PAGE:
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Cable operators to Netflix: Bring it on

Cable operators at the NCTA's Cable Show say they are happy to compete with Netflix, but they don't think the streaming-video service will be able to afford the cost of sports programming.

Maria Bartiromo of CNBC hosts a panel discussion that includes executives from Time Warner Cable, Insight Communications, Fox Networks Group, and Scripps Networks Interactive at the NCTA Cable Show 2011 in Chicago.
CNET/Marguerite Reardon

CHICAGO--Cable operators say they are happy to compete with Netflix. But they think the high cost of sports and live programming will ultimately keep Netflix out of the game.

During a panel discussion here today at the National Cable & Telecommunications Association's Cable Show, Robert Marcus, COO of Time Warner Cable, and Michael Wilner, CEO of Insight Communications, a cable operator based in Kentucky, said that without live programming and sports Netflix and other over-the-top video providers will never be able to compete head to head with them. (The term "over the top" is used to refer to providers that deliver video over the Internet, i.e. Netflix and Hulu.)

"We are more than happy to take all competition," he said. "But if they want to pay the price for the rights to sports and other live programming, they will have to charge more to make up for what they spend on those rights."

For years, cable operators have blamed the rising cost of their TV service on programming costs. It's been estimated that cable operators pay just under $4 of every $10 they take in selling video for channels like MTV, CNN, and ESPN. And those costs keep increasing, especially for live sports broadcasts.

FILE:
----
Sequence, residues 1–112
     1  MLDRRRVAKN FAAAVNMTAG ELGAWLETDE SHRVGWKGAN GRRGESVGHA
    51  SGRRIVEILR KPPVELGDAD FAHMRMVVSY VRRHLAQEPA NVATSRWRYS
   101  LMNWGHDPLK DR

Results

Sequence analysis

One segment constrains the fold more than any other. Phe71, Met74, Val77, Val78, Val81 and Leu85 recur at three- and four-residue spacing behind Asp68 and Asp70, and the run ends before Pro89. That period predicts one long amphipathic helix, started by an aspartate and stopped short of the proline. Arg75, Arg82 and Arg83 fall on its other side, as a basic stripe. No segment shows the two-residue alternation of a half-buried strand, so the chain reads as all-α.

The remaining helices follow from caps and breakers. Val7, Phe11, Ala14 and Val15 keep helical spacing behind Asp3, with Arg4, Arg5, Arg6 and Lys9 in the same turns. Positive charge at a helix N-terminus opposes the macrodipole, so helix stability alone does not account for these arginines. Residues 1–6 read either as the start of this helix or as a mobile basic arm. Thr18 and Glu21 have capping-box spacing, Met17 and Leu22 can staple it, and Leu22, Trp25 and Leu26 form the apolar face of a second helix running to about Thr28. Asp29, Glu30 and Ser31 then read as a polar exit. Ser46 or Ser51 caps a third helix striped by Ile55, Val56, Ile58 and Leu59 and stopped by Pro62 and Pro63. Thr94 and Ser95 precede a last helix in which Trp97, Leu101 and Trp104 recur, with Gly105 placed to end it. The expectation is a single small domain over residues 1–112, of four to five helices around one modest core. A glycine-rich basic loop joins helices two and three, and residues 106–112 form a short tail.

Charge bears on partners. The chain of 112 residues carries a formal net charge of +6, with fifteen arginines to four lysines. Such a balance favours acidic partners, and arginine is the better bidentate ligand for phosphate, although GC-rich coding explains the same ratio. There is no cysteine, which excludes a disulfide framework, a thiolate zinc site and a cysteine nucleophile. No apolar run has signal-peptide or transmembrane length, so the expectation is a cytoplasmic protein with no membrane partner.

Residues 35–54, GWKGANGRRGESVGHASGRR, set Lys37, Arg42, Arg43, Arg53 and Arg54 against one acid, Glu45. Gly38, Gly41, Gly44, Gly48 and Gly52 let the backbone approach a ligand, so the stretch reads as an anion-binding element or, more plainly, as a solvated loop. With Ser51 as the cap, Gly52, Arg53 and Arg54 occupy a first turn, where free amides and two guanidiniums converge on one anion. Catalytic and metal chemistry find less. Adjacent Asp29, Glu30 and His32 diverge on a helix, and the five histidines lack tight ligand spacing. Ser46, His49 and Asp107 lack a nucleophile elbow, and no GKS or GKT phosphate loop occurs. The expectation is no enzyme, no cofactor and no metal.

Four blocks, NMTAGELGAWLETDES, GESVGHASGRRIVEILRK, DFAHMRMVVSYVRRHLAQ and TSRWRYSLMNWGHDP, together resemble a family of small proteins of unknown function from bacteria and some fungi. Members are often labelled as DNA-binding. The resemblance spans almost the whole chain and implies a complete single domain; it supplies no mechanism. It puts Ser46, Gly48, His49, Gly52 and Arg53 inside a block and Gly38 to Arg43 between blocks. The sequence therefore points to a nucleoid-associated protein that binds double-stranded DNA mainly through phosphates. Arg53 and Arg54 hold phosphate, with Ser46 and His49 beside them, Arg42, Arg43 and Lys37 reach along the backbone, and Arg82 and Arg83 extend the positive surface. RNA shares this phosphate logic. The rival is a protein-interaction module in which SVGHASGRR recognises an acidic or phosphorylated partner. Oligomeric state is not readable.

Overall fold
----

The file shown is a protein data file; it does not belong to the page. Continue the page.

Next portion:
"All sides of the equation are going up," said Insight's Wilner. "Programmers are paying more for the rights. And we as distributors pay more." He added that Netflix and other over-the-top alternatives would have to pass those costs on to consumers.

Still, Wilner said that Netflix, Hulu, and other over-the-top streaming video apps offer consumers more choice.

"People can do whatever they want with their broadband pipe," he said. "We will continue to package video service in a traditional manner as they have become used to...But consumers will have alternatives available. They can make the choice: 'Do I want to pay $60 a month for this video package or pay less and wait for a later release on Hulu.'"

And both cable executives said that Netflix actually is good for business, because it helps attract more high-speed broadband customers.

"Netflix is an app that requires a fat pipe," Time Warner Cable's Marcus said. "So we are in favor of any app that increases the utility of our broadband service."